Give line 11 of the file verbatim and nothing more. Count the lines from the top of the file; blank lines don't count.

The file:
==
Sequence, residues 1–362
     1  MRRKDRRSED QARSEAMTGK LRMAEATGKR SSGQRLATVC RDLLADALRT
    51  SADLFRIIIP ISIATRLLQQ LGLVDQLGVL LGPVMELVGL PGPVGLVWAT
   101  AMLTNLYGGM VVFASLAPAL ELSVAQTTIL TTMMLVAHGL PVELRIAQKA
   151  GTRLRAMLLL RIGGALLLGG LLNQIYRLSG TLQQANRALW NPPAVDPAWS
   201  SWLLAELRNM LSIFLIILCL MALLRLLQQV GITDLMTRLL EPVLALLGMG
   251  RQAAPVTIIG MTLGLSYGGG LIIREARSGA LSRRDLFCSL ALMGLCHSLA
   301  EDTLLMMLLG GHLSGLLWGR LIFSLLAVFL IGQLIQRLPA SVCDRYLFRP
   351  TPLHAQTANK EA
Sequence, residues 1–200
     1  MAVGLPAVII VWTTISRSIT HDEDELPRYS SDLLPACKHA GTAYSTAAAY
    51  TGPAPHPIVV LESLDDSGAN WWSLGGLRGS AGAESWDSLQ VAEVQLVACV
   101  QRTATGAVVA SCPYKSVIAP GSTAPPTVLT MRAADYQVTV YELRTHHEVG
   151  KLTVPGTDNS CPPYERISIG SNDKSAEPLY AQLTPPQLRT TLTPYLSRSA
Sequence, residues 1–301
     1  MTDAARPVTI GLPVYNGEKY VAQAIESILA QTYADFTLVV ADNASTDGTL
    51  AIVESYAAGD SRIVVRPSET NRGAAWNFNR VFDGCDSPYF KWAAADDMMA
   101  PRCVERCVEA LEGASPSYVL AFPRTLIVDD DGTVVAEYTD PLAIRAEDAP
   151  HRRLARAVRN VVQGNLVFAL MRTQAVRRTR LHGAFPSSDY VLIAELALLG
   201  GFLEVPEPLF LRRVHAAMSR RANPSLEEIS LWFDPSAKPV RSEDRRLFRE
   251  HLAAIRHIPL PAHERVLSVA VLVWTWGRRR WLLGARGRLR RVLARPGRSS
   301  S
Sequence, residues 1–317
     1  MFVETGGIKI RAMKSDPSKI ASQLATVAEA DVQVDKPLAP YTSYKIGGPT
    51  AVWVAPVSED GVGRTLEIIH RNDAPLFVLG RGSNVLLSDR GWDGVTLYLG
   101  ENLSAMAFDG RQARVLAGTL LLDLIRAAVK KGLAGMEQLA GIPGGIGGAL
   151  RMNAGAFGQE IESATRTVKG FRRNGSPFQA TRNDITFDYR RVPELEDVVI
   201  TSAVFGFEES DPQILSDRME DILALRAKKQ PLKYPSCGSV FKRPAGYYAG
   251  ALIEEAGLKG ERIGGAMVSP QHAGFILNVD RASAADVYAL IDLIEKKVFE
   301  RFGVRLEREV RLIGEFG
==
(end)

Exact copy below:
     1  MAVGLPAVII VWTTISRSIT HDEDELPRYS SDLLPACKHA GTAYSTAAAY